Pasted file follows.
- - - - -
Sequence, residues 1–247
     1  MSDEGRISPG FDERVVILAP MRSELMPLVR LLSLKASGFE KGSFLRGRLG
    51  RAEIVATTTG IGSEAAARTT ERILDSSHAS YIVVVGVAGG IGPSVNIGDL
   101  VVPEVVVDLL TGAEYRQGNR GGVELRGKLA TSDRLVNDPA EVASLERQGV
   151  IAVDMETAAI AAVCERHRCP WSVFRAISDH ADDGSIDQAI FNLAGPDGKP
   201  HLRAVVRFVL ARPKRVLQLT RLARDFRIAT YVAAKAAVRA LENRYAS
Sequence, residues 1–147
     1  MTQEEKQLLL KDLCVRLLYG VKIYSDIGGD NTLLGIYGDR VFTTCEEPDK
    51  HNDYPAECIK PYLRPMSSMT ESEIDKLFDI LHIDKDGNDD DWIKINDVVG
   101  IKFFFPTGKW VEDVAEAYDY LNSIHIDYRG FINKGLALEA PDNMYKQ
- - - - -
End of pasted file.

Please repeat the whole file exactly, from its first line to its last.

Sequence, residues 1–247
     1  MSDEGRISPG FDERVVILAP MRSELMPLVR LLSLKASGFE KGSFLRGRLG
    51  RAEIVATTTG IGSEAAARTT ERILDSSHAS YIVVVGVAGG IGPSVNIGDL
   101  VVPEVVVDLL TGAEYRQGNR GGVELRGKLA TSDRLVNDPA EVASLERQGV
   151  IAVDMETAAI AAVCERHRCP WSVFRAISDH ADDGSIDQAI FNLAGPDGKP
   201  HLRAVVRFVL ARPKRVLQLT RLARDFRIAT YVAAKAAVRA LENRYAS
Sequence, residues 1–147
     1  MTQEEKQLLL KDLCVRLLYG VKIYSDIGGD NTLLGIYGDR VFTTCEEPDK
    51  HNDYPAECIK PYLRPMSSMT ESEIDKLFDI LHIDKDGNDD DWIKINDVVG
   101  IKFFFPTGKW VEDVAEAYDY LNSIHIDYRG FINKGLALEA PDNMYKQ